Dr. Richard Seegal, scientist emeritus at the Wadsworth Center of the New York State Department of Health and a professor in the School of Public Health at the University of Albany, will speak at Schroon Lake Central School as part of the school’s National Honor Society lecture series.
The “Brain Man” is coming to Schroon Lake.
Dr. Richard Seegal, scientist emeritus at the Wadsworth Center of the New York State Department of Health and a professor in the School of Public Health at the University of
Albany, will speak at Schroon Lake Central School as part of the school’s National Honor Society lecture series.
The talk will be Tuesday, Oct. 29, at 6:30 p.m. in the school auditorium.
“Affectionately known as the ‘Brain Man,’ for the past 38 years Mr. Seegal has studied the effect of contaminants on the function of the brain, including Parkinson’s disease and autism,” said Caleb Maisonville of the Schroon Lake honor society.
“Mr. Seegal compares knowledge of the brain to understanding a car owner’s manual,” he said. “When one follows the recommendations and the guidelines for what to put in the car it will run smoothly and effectively. This is quite the same with the brain, yet with even higher stakes.”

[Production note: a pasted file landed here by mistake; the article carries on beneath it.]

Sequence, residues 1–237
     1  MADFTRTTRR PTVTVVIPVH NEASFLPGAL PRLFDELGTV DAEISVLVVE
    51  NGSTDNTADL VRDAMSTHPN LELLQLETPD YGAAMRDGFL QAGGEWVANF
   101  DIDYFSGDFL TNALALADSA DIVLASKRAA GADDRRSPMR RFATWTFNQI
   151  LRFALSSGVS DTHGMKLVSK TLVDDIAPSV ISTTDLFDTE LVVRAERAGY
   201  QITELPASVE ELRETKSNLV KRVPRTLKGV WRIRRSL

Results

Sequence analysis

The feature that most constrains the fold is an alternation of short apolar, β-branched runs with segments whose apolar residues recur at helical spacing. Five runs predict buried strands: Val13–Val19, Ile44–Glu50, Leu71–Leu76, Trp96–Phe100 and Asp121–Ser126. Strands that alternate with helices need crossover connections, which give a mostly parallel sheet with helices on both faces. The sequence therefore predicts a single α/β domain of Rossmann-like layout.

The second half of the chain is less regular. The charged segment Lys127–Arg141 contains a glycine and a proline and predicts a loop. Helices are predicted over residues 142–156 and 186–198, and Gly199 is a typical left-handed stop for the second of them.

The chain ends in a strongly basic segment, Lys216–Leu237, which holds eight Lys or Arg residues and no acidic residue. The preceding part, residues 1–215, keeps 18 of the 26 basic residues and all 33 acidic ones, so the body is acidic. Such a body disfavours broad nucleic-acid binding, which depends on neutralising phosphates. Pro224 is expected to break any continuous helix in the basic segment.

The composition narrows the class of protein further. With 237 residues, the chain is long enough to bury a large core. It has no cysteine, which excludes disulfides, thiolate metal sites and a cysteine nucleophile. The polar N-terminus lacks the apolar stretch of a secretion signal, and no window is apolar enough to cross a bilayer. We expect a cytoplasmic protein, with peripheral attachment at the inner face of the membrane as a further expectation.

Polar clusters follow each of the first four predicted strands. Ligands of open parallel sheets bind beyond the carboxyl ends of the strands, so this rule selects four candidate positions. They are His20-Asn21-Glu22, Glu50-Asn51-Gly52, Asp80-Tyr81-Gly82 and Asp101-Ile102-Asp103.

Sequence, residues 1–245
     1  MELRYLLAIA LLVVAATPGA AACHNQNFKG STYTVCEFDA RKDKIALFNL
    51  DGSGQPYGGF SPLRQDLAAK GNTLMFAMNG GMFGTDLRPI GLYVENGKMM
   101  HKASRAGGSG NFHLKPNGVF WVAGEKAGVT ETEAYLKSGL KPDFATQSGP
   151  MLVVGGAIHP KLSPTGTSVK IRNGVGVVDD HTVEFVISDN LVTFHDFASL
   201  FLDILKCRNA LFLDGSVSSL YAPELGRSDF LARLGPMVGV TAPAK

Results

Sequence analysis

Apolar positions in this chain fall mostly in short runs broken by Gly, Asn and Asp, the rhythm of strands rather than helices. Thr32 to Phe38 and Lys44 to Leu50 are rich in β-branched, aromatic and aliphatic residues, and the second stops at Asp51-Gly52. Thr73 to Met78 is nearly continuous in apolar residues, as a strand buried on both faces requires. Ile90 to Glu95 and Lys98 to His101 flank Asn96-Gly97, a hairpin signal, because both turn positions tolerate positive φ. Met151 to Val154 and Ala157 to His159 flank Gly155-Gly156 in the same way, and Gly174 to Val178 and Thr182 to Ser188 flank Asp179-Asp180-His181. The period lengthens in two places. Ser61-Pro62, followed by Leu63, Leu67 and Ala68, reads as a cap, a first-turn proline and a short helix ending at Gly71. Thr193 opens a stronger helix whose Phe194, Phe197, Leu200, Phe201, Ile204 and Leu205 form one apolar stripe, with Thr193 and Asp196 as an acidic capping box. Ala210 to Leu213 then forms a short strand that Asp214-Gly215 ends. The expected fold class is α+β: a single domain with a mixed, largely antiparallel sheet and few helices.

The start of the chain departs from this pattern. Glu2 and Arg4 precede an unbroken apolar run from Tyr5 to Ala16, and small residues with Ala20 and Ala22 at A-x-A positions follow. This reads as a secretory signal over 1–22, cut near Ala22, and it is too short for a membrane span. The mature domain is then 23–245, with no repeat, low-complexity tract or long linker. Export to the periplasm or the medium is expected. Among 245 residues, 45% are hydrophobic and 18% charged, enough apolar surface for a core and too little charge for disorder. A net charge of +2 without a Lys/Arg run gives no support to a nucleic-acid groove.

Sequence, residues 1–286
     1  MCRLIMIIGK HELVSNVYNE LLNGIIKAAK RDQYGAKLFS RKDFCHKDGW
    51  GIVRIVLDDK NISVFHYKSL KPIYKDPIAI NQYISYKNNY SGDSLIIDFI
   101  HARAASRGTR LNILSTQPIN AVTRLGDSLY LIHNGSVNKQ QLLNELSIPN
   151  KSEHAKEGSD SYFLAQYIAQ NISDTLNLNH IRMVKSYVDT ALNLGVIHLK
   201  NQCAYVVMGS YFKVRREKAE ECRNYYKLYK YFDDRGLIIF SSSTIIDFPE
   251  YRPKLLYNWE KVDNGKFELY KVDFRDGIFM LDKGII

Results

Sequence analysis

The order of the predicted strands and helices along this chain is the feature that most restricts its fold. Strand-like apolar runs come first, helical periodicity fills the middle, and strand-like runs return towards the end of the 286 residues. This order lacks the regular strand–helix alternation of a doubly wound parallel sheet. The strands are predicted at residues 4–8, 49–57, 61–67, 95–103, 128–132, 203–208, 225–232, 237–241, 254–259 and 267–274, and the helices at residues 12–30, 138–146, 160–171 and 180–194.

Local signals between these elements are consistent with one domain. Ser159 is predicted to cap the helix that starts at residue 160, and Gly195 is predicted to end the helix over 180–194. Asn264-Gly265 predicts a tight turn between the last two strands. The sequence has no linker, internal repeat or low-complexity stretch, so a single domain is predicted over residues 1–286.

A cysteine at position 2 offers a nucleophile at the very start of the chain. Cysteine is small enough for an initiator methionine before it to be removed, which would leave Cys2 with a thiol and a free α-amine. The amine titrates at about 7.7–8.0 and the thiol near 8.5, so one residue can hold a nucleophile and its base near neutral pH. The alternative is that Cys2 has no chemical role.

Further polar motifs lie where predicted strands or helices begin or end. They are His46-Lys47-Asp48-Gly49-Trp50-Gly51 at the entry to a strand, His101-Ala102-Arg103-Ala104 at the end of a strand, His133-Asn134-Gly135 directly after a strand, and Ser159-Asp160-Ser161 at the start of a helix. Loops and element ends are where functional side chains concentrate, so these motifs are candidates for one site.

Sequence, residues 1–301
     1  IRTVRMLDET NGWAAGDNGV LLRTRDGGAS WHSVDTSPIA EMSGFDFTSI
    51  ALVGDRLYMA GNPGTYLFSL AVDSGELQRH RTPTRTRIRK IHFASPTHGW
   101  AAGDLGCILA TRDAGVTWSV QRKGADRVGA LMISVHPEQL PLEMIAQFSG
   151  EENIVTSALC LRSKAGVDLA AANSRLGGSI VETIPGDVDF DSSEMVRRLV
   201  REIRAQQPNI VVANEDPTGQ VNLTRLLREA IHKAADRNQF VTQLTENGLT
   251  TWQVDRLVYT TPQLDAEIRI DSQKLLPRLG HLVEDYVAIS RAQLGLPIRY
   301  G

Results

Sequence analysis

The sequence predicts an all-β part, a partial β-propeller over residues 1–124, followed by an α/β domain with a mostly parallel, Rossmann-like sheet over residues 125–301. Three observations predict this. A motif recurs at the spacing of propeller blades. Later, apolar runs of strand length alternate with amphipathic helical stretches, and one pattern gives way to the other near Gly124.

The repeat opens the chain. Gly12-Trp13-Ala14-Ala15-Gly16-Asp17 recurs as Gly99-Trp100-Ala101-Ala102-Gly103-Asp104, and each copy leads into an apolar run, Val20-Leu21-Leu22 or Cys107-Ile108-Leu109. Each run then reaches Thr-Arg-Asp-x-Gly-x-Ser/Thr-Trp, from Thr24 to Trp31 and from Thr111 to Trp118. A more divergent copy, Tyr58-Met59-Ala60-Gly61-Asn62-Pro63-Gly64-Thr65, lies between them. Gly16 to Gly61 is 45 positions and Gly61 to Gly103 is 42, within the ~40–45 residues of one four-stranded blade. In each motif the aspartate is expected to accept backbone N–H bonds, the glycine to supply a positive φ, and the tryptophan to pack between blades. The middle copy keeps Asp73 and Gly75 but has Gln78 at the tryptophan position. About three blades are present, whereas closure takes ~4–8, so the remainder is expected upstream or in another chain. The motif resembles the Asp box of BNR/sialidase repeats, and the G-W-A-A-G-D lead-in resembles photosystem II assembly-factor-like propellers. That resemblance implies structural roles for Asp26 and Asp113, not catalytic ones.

The lecture will focus on “PCBs and Lead — Different Effects in Men and Women.”
“His lecture guarantees to be both interesting and informative,” Maisonville said.
Seegal earned his doctoral degree in physiological psychology from the University of Georgia and completed post doctoral training in biobehavioral sciences at the University of Connecticut.
“We use in vitro, in vivo and epidemiological approaches to better understand the neurochemical, neuromorphological and neuropathological consequences by which exposure to environmental contaminants, including polychlorinated biphenyls (PCBs), brominated flame retardants, pesticides and methylmercury, alter central nervous system function,” Seegal said on his website, explaining his research.
“Major interests include study of the roles and mechanisms by which these contaminants influence neurodevelopmental and neurodegenerative disorders including, respectively, pervasive developmental disorders (attention deficit disorders, autism) and Parkinson’s disease,” he said. “Because both disorders are sexually dimorphic, with higher prevalence in boys and men, we are also intensively investigating the roles that gonadal hormones play in modifying the neurotoxic responses to these environmental toxicants. Thus, our laboratory is wedded to using a variety of techniques, both laboratory-based and epidemiologically-based to better understand the etiology of diseases of the nervous system in both the young and not-so-young.”